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Consider “Bad News vs. Good News” in Manufactured Home Community Living

The news media routinely follows the mantra, ‘if it bleeds, it leads.’ Tragedies, death, damage, demonstrations and destruction tend to lead news stories, not their opposites of good news. How often does the media report all the quiet, peaceful neighborhoods in America? Isn’t it crime or other bad news stories that gets the lion’s share of attention?

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Magnolia Model MH-213 Kitchen, see tour linked here.

That same principle of “bad news vs. good news” plays out in so-called ‘mobile home parks,’ more properly known today as manufactured home communities (MHCs). Research shared by Walden University doctoral candidate, Lisa Tyler, suggests the good news about manufactured homes and land lease communities far outweighs the tales told in negative media coverage.

A recent news story by the WCTrib in Willmar, MN helps make the point that educators like Lisa Tyler are pointing out in their research.

To the credit of journalist David Little, the WCTrib’s recently did a story focused on a manufactured home community whose residents were happy under the new management of the Churchill Group of Carbondale, Colorado. Little’s report indicated residents were pleased when problematic residents were evicted and dilapidated ‘mobile homes’ that were no longer repairable were removed, along with a number of other improvements cited in a MHProNews review of the WCTrib‘s account.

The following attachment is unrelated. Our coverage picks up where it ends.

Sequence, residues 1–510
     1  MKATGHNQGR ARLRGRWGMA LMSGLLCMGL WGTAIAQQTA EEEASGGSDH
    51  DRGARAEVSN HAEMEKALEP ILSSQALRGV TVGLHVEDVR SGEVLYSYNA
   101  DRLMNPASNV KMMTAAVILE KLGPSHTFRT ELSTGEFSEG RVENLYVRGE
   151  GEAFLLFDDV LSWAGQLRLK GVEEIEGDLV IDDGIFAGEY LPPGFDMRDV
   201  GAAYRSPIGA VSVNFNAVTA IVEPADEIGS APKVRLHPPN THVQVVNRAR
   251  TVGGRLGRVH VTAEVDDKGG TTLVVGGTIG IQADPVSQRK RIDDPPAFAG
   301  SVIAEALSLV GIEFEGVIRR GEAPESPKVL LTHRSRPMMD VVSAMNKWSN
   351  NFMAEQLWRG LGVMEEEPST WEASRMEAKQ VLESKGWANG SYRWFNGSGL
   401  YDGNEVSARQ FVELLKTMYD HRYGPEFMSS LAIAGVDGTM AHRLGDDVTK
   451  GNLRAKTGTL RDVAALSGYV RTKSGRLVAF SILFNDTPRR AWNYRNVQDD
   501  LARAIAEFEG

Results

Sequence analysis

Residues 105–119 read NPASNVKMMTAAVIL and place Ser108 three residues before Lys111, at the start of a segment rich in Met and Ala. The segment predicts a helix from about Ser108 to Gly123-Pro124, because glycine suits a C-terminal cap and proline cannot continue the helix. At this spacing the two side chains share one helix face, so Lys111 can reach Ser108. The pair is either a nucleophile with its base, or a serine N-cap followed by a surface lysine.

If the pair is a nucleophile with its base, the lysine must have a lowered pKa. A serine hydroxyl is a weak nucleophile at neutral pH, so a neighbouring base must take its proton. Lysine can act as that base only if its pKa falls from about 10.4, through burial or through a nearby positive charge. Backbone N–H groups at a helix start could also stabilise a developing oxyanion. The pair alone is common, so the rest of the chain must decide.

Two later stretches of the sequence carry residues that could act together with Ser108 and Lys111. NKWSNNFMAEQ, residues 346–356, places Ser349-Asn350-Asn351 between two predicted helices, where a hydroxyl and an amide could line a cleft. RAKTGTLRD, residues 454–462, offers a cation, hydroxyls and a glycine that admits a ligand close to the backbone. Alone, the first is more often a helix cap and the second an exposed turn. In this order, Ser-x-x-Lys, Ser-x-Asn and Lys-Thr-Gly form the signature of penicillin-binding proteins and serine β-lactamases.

But all too often, such stories get reported very differently.

For example, when one or more residents gets evicted, sometimes local media makes it sound like management is cruel and heartless. Why don’t more local media at least consider the often more accurate or balanced picture that enforcement of rules benefits the majority of those living there? Of course those who ignore common sense-rules or who fail to pay-as-agreed for services are willing to protest to the media or anyone else who will listen.

Kim Fedders, manager of Regal Estates East and West in Willmont, explained that most residents where happy and that some have lived there for 15 to 20 years. This echoes a study recently published by Foremost Insurance that suggested strong satisfaction among manufactured home owners, who keep their homes longer than those who live in apartments or conventional housing.

Regency residents were glad to see eye sores cleaned up and problematic ‘tenants’ removed. Common-sense standards and residency requirements, when properly enforced, keep MH Communities safer, quieter and more attractive.

Regency manager Fedder’s said, But now that we’re following procedure, everybody that comes in gets credit checked. Everybody that comes in gets a criminal check. If you don’t pass it, you don’t pass it. I don’t bend the rules and the tenants have responded. They’re so grateful. They want their community to look just as nice as I want their community to look. They’re open with us. They’re fair with us. We’re fair with them.’’